It was a telethon on WTTW public television in Chicago where my mother had gotten a certificate for a month of judo lessons for me, back in 1967.
I had been taking judo lessons at the YMCA and she thought I was loving it. I had taken a few classes there and started ditching the class because the breakfalls (ukemi) were giving me a headache. I came to realize years later what a crappy instructor I had at the Y. I remembered him telling the three or four of us to practice the falls and then standing on the side talking to other adults. He was not paying attention to us and made no corrections.
I apparently did not get the message about keeping my chin tucked in. Either he didn’t tell us or I just didn’t get it. I don’t remember him stopping me to correct my mistake. I came to realize he probably thought he had just a few kids in class and just wasn’t interested, based on my memories of his standing on the side. Today, as an instructor with years of experience, I know that keeping a watchful eye and making appropriate corrections is critical to a student’s success.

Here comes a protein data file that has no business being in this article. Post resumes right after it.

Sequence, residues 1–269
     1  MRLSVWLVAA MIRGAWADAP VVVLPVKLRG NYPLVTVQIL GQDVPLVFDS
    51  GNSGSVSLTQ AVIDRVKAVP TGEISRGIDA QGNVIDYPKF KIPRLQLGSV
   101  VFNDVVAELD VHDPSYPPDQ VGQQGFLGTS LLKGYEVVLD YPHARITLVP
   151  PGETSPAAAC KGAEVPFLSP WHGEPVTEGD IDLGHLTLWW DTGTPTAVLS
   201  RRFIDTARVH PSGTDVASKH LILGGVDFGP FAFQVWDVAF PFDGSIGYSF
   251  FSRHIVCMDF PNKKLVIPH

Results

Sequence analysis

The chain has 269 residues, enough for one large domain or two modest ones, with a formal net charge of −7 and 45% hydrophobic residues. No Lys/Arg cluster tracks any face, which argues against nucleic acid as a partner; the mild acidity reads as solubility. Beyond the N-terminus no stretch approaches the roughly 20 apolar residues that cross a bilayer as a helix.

As a young kid, I was trying to avoid getting in trouble with mom so when she asked about class I said I liked it even though I’d stopped going. It was with chagrin that I awoke one morning and she said she’d gotten me judo lessons throught that late-night fundraiser. Oh no!
When the certificate came in the mail she sent down to the dojo. (I still have that letter.) It was at the Shindo Kan School of Judo on Stony Island in Chicago. It was miles from where we lived. This was 1967, I was 11 years old. My mother had me get on the bus and go down there myself. I was scared to death, and alone.
Blaise Joseph Zorich, “Joe” was the owner and instructor. I told him what I had and he told me to come back on Saturday for the kids class, which I did. Carole Wolken was a black belt and she took me aside, asking me to show her what I had learned at the Y. I remember looking up at her and the memory of seeing her black belt with the thin, white stripe through it was etched in my mind. The tradition was that women wore the striped belt, it different in many schools today.